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Informational Meeting About Arkansas River Feasibility Study Held in Sand Springs

Posted on March 6, 2017

By Rachel Snyder, Tulsa World

Officials discussed a study about how to preserve the ecosystem in the Arkansas River in Sand Springs and beyond and sought public input during a meeting this week.

The study area includes the 42-mile long Arkansas River corridor ecosystem downstream of the Keystone Dam to the Tulsa/Wagoner County boundary. The Arkansas River Feasibility Report says the construction of the Keystone Dam in 1968 had a significant influence on the health and ultimate degradation of the ecosystem in the area of the study.

Flood pool releases from Keystone Dam maintain river flow between hydropower operations. Hydropower generation occurs on an on-demand basis. As a result, the flow within the study shows daily bouts of brief 6,000-12,000 cfs river flow followed by extended periods of near zero flow from Keystone Dam, according to the study.

Program Management Group owner/senior environmental program manager Gaylon Pinc said the U.S. Army Corps of Engineers discussed the feasibility study for the project, which would include a low-water dam that would provide enough flow of water, 1,000 cubic feet per second (cfs) to improve the ecosystem.

“We have to find a way to recycle this water (throughout the day) and found no method more cost effective than building a low-water dam,” Pinc said. (1,000 cfs) of flow downstream would be adequate to improve the ecosystem.”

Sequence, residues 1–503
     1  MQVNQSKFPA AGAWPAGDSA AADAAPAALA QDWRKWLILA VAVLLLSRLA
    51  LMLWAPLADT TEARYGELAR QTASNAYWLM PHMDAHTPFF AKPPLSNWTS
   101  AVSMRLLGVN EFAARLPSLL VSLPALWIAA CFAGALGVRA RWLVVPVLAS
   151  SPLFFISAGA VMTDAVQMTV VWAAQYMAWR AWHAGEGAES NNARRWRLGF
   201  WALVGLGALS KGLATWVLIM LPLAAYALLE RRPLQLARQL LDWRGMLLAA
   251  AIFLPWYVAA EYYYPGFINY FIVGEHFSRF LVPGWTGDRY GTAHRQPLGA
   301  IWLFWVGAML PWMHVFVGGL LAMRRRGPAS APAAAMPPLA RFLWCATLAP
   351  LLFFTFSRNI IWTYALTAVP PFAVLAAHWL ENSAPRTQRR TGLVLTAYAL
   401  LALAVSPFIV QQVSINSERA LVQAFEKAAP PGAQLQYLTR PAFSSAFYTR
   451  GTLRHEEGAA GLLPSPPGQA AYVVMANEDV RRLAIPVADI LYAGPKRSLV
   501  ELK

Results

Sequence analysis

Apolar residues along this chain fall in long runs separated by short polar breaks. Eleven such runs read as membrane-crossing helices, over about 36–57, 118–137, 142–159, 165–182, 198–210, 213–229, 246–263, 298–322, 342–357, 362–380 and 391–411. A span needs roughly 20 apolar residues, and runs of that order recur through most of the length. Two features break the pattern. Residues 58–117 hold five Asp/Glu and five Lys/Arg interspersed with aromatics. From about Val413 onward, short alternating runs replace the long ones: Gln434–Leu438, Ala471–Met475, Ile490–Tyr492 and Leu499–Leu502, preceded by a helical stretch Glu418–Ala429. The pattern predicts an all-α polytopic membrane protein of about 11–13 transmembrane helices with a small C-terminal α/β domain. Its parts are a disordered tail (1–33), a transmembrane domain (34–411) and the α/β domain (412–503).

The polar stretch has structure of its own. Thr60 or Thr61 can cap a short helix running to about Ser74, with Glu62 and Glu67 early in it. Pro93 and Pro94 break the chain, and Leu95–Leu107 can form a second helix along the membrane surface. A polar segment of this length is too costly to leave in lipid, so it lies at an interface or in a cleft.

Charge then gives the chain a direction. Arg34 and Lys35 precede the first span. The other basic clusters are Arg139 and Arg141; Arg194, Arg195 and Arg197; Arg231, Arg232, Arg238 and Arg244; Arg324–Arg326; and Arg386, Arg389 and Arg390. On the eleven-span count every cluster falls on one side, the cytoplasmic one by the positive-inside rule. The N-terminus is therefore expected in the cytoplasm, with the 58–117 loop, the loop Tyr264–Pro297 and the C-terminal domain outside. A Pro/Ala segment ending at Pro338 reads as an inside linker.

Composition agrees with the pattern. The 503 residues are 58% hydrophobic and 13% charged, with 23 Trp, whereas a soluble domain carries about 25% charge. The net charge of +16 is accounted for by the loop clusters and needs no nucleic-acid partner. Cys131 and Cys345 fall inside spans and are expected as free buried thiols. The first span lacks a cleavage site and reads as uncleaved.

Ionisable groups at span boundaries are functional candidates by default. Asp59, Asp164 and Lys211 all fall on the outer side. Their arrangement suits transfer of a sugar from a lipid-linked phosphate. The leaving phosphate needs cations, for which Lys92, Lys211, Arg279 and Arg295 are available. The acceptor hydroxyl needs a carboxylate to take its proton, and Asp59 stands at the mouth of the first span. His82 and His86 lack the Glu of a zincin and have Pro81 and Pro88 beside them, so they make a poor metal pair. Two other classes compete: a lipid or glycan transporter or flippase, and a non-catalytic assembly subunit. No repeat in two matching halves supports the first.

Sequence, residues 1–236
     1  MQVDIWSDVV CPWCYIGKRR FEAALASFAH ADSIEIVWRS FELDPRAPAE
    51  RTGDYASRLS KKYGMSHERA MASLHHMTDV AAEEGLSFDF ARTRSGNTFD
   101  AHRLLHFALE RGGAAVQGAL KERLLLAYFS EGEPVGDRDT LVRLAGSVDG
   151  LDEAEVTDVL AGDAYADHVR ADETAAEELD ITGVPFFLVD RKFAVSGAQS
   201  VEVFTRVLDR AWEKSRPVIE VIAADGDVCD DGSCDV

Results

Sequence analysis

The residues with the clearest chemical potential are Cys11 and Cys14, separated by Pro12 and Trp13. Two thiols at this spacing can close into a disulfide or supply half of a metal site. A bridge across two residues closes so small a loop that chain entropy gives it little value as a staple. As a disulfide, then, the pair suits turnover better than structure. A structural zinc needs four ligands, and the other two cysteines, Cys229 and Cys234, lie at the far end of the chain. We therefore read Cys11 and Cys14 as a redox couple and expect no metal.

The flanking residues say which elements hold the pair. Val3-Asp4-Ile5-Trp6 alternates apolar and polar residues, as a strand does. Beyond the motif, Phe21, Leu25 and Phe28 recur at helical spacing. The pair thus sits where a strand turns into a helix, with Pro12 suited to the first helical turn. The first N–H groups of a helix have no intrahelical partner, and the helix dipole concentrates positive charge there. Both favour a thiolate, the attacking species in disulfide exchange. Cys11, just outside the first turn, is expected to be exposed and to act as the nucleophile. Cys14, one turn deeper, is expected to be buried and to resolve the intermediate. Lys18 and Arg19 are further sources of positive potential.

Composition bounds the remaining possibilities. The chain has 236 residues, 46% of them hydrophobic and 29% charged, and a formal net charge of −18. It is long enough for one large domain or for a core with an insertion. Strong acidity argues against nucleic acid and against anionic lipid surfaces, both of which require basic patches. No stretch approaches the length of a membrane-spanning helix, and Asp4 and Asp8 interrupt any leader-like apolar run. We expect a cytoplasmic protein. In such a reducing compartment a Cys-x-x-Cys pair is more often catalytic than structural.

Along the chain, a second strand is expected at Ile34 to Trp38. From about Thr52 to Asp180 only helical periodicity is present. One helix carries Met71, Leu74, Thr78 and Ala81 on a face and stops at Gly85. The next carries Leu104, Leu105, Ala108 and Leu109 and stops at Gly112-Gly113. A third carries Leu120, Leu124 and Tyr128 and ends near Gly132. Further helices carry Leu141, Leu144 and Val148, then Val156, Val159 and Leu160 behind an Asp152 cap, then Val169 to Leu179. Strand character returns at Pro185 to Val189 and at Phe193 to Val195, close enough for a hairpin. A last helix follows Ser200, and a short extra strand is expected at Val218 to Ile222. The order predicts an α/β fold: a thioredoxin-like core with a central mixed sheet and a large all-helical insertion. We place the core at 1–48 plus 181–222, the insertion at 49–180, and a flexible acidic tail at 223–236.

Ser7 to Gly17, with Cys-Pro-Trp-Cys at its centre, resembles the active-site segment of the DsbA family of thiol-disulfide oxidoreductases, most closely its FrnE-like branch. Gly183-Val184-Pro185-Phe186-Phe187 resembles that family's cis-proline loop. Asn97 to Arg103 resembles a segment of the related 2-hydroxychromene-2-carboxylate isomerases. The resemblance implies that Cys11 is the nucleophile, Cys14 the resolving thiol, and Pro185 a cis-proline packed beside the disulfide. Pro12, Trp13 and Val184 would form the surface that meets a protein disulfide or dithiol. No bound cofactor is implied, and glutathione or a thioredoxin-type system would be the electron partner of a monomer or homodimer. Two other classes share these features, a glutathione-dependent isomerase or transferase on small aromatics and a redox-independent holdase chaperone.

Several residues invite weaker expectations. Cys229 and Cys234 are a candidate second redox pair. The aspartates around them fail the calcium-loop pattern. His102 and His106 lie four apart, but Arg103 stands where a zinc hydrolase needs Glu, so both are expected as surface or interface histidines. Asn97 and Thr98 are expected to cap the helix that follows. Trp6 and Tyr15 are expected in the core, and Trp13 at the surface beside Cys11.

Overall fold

He said after the feasibility study has a positive outcome, the project can move on the question of funding.

Brandon Wadlington of the U.S. Army Corps of Engineers said the primary problem at the river is the flow is not consistently where it needs to be throughout the day.

“We’re trying to promote ecosystem health,” Wadlington said.

Independent petroleum geologist Robert Jackman attended the meeting and expressed concern about the ability of levees to hold up to the larger floods caused by climate change.

“My opinion is levees must be built higher and wider to contain new, larger floods from climate change,” Jackman said.

Those who want to give input on the project can do so by contacting 918-669-7342.

Source: Tulsa World

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